Thursday, April 29, 2010

I'd love to have a local museum! But I'd rather it be voluntary.

A friend of mine just wrote encouraging me to participate in an event that will help raise money and awareness of a local museum. I asked if the museum would be built or supported with taxpare funds. They wrote back:

"For your information, it is mandated in the Bountiful City code that we, yes the people, we have a right and responsibility to record, archive, preserve, and disseminate the history of our community. It is not only proper that we use tax payer money for this purpose, but it is our duty and our heritage to let our children and grandchildren know where we came from and how we got here. All across America we have buildings and lands bought and paid for by tax dollars that tells of the sacrifices of each generation in making America what it is today. If you don't believe this, then don't take your children to a National Park, museum, National Cemetery, or monument, because all of these were and are funded by tax dollars."

My response:

"You are absolutely right: we have many, many buildings, museums, monuments, and lands that are funded with taxpayer money, and I agree that these add to our heritage.

"However, I think even you must admit that our government (especially at the federal level) has frequently spent our money on these things inappropriately. For the sake of one goal (eg. "building heritage"), they benefit the few at the cost of many, and they use government force to do beneficial things which weakens the efforts of those who do good work on a voluntary basis. We can build a much stronger, more resilient community through projects that accomplish these things without force.

"For example, the South Davis Recreational Center and the Rogers Memorial Theater are good examples of burdens that our local Davis county government(s) have imposed or might impose on taxpayers and local businesses, affecting either the free use of their income or the freedom to compete fairly for people's attention.

"Feel free to keep me in the loop. I would love to be part of any voluntary initiative that improves our community like this!"

FYI: I promised to contribute to the next local, voluntary project my friend brings to my attention. Hold me to that. :-) I can't promise that to everyone, but I'll appreciate knowing any of these you send my way!

Clever, Constructive Conversation (About Technology)

Come join us in an open-ended forum about technology.  This is modeled after Phil Windley's CTO Breakfast.  You can see the results of previous discussion here with my event reports.

The difference is the location: we'll do this at venues in Salt Lake City.  Fri Jan 17 2013 is at the Gateway above Jason's Deli, 2nd floor.  (Past incarnations: Max at about 70th S and 13th E; Newmont U at downtown SLC.)

You can count on bagels. (At least, you can at this location; someday we may do it in a cafeteria or restaurant, so be sure to watch the location and confirm whether food is provided or available for purchase.)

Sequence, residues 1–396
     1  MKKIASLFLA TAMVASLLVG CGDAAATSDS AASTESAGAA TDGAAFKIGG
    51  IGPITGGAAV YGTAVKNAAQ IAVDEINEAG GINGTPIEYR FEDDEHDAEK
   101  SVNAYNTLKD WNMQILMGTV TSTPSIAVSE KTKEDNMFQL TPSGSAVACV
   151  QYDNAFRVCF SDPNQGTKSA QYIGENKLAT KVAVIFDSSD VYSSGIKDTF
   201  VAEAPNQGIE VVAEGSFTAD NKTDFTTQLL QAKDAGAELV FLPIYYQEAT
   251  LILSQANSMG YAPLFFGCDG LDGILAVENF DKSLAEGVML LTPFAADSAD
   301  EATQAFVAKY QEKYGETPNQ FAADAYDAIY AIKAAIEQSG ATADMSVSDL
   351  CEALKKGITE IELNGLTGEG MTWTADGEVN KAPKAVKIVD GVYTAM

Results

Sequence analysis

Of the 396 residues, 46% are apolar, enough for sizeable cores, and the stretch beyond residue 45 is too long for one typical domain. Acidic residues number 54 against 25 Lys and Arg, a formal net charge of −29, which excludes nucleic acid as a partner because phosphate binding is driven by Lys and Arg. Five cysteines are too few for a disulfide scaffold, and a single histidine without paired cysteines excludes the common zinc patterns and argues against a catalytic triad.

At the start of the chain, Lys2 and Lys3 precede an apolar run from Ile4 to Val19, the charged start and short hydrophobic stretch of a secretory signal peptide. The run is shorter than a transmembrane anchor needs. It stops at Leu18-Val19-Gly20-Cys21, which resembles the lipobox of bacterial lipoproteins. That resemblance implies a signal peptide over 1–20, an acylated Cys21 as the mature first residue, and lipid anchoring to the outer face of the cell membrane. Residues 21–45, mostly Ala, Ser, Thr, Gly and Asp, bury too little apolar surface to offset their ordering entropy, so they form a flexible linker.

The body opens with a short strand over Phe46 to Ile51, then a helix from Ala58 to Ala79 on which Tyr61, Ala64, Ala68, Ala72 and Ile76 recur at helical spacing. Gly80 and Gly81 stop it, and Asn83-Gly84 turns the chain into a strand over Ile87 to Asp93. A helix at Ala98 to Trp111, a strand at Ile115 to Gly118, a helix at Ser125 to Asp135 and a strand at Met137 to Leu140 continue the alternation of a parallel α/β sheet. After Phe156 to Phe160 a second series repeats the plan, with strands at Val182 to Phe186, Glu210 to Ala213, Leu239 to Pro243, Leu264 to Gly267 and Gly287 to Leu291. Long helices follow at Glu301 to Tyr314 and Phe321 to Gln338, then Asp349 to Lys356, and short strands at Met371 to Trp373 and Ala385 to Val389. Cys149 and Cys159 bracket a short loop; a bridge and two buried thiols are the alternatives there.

As for dates, here is the calendar and here is the iCal info. (For you real-time watchers, follow me on Twitter.)  Afterward, you can see any notes I took in this feed.

If you're interested, you're invited. Cheers!


Motivation: amazing things happen when you get together with smart people who speak their minds freely! I've had a great time at Phil's CTO Breakfast events, where many intelligent and well-networked people sit and talk in an open forum about current events and interesting projects and even crazy ideas. In the same vein, the Kynetx conferences have been eye-opening (and mind-blowing), partly because smart people come but mostly because they encourage conversations; they even had 2 "unconference" sessions where the topics and conversations were run by attendees, chosen dynamically (15 minutes before they happened). The experience is always memorable.

Monday, April 5, 2010

I disagree that IP rights are essential.

I disagree that IP rights are essential to growth, at least if they mean strong IP laws like in the US, since those are more often simply used by large companies with lawyers to bully newcomers rather than really building value. Technology nowadays is allowing us to focus on services and reputation, making distribution cheap; to continue to control the ownership of ideas and their delivery is to undermine the foundation of sharing, which is the foundation of the industry addressed in this article.

As an example, technology is enabling artists to spread their art around the world and make money from performances and other more personal approaches. The RIAA fights this with lawyers, which is their right for existing contracts; however, they have yet to show that it affects their business, and the system has also hamstrung many legitimate, innovative uses due to the heavy-handed approaches supported by government force.

Microsoft spread NOT because of IPR but rather due to effective pricing. And today’s service-oriented networks need freedom of open access, not artificially restrictive “property” rights.

There may be a way to create a rational IP system, but needs to be much more narrow and focused than any system in use today.